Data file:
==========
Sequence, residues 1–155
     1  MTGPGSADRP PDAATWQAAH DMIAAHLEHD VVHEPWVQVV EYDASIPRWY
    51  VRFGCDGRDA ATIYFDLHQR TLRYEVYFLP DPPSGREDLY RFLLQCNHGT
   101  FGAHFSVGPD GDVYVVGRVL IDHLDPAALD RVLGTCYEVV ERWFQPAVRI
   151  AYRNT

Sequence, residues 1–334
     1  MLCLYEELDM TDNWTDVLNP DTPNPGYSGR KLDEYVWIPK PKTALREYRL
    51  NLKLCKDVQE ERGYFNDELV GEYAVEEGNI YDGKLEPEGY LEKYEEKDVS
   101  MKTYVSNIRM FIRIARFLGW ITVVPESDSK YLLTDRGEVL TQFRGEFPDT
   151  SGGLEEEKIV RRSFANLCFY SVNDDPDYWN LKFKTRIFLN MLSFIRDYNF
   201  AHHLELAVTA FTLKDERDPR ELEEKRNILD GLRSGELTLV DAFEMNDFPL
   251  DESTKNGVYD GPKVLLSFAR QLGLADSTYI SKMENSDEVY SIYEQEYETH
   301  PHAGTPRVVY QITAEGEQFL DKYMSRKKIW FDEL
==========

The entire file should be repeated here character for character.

Sequence, residues 1–155
     1  MTGPGSADRP PDAATWQAAH DMIAAHLEHD VVHEPWVQVV EYDASIPRWY
    51  VRFGCDGRDA ATIYFDLHQR TLRYEVYFLP DPPSGREDLY RFLLQCNHGT
   101  FGAHFSVGPD GDVYVVGRVL IDHLDPAALD RVLGTCYEVV ERWFQPAVRI
   151  AYRNT

Sequence, residues 1–334
     1  MLCLYEELDM TDNWTDVLNP DTPNPGYSGR KLDEYVWIPK PKTALREYRL
    51  NLKLCKDVQE ERGYFNDELV GEYAVEEGNI YDGKLEPEGY LEKYEEKDVS
   101  MKTYVSNIRM FIRIARFLGW ITVVPESDSK YLLTDRGEVL TQFRGEFPDT
   151  SGGLEEEKIV RRSFANLCFY SVNDDPDYWN LKFKTRIFLN MLSFIRDYNF
   201  AHHLELAVTA FTLKDERDPR ELEEKRNILD GLRSGELTLV DAFEMNDFPL
   251  DESTKNGVYD GPKVLLSFAR QLGLADSTYI SKMENSDEVY SIYEQEYETH
   301  PHAGTPRVVY QITAEGEQFL DKYMSRKKIW FDEL